Radio Birdman made it to Britain after signing with the New York-based Sire Records and recorded an album at Rockfield Studios in Wales before internal squabbling set in and the band splintered.
Split Enz returned from the UK in January 1979. After a year of frantic touring in 1977 (Australia, the US, UK, Holland/Belgium, Australia again, UK again and Holland again) they had been dropped by Chrysalis at the beginning of 1978. They spent most of the rest of the year waiting around to record the album that became Frenzy. It was the first album to feature Neil Finn but was rather a disappointment otherwise.
Mental as Anything: ‘Naive, primitive and jealous of musicians that can play’
Mental as Anything made their vinyl debut with an EP, Mental As Anything Plays At Your Party which featured The Nips Are Getting Bigger. The band was the first to play the small Civic Hotel in Sydney which quickly became a mecca for up and coming bands. ‘We’re unashamedly naive musicians,’ the band claimed at the time. ‘Naive, primitive and jealous of musicians that can play.’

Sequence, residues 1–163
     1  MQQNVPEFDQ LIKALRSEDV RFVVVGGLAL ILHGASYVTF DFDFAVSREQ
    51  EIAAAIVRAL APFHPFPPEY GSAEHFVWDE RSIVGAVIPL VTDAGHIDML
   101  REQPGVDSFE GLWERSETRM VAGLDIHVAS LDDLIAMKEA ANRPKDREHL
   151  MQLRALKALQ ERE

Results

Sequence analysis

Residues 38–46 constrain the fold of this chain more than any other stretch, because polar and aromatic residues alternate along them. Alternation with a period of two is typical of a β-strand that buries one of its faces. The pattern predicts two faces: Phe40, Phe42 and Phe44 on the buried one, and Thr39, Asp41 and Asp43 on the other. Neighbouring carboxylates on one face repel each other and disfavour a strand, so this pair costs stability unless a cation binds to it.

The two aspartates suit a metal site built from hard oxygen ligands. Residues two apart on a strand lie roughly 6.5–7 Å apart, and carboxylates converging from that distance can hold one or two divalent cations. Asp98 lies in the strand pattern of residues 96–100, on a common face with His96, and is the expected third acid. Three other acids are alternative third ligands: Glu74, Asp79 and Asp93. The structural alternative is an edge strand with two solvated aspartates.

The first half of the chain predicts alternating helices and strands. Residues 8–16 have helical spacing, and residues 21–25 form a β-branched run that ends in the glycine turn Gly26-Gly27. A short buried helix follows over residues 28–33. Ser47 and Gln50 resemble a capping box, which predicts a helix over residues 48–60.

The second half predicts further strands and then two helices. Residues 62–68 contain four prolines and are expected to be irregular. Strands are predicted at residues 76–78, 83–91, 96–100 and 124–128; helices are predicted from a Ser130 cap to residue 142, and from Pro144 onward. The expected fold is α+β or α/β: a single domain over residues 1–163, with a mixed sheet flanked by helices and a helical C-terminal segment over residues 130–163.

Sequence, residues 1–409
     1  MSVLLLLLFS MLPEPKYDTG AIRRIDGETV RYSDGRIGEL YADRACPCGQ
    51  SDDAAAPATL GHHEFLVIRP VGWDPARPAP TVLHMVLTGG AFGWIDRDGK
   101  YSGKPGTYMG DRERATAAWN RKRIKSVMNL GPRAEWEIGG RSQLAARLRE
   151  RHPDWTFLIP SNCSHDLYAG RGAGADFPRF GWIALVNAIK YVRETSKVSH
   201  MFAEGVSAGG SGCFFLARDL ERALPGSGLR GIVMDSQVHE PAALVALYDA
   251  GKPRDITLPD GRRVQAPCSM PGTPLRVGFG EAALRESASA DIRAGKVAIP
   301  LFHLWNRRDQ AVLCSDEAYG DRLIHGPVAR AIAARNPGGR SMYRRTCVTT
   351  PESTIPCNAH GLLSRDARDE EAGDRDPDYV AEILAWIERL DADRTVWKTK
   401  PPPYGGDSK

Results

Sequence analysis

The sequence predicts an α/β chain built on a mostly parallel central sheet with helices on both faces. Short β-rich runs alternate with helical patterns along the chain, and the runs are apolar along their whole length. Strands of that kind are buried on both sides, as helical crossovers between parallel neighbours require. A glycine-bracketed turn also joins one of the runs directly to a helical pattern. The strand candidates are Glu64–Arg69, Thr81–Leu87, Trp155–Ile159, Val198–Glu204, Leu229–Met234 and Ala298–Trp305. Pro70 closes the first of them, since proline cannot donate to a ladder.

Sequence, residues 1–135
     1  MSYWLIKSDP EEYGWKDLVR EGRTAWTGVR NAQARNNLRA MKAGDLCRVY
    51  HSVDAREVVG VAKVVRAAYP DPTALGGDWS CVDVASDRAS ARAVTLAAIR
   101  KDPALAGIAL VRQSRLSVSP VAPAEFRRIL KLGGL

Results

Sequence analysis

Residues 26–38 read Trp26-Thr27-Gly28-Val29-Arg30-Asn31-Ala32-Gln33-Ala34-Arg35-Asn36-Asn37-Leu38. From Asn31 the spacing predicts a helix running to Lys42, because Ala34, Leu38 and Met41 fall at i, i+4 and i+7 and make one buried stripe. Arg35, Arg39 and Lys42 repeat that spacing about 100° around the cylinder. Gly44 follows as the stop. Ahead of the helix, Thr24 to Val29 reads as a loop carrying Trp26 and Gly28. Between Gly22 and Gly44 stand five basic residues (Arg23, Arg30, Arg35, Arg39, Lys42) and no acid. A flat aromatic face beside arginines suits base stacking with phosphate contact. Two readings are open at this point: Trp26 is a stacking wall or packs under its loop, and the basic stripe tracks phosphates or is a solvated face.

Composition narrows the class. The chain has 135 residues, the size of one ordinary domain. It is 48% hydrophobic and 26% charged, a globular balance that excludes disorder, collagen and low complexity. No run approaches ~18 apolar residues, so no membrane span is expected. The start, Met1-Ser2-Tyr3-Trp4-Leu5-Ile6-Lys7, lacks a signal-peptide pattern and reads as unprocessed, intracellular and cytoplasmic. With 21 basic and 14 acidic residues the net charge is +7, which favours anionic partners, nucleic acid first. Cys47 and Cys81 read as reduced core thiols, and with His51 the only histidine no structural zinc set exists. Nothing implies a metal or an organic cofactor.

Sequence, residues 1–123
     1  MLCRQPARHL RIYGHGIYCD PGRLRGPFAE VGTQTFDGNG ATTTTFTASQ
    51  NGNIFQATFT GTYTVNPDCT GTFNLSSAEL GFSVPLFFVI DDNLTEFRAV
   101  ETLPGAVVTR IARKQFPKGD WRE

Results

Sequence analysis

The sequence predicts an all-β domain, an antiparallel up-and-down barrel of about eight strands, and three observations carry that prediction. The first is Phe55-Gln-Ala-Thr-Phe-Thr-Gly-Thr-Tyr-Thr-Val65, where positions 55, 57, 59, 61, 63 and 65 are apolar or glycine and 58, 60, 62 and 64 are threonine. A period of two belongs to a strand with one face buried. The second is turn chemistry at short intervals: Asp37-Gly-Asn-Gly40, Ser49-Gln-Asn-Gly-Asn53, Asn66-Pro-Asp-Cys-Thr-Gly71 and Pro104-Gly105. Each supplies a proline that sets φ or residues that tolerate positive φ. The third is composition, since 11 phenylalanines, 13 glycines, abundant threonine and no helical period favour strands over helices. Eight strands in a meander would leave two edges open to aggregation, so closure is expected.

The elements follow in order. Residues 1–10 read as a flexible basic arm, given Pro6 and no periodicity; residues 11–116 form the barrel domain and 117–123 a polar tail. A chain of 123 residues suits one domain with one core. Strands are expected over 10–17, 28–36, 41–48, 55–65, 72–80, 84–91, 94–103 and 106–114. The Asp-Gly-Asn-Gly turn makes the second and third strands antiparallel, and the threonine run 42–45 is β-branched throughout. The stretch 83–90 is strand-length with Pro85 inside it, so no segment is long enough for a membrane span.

The Boys Next Door released a debut album, Door Door for Mushroom, then left the label for the more sympathetic pastures of the Missing Link label. From there they headed overseas to England and changed their name to the Birthday Party, convinced (correctly) that their original sound would be better received in the UK. The Models formed from the remains of the Teenage Radio Stars and JAB and quickly established a Melbourne following. Jo Jo Zep and the Falcons signed to Mushroom and, after three years of brilliant live shows, finally cracked the charts with Hit and Run and the album Screaming Targets. Mi-Sex arrived from New Zealand with a polished and theatrical live show and within twelve months had a No. I single with Computer Games.
The decade ended with the ambitious Pooled Resources tour, a three state jaunt featuring the Angels, Cold Chisel and Flowers, promoted by Dirty Pool. Although bedevilled by accidents, it was a sign that the Australian music industry had acquired the professionalism to properly present bands in a live situation. The boom in live music laid the groundwork for the big recording successes of the eighties.
Main pic; AC/DC in 1976
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The Late Seventies playlist:
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This is part five of my six-part potted history of Australian rock, covering the period from the fifties to the mid-eighties, first published in 1987 in Roll over Beethoven.
Initially produced by Fairfax Magazines, Roll over Beethoven was a project to provide resources for contemporary music education in secondary schools. It was later taken up by AUSMUSIC, which used it as the basis for its music education program.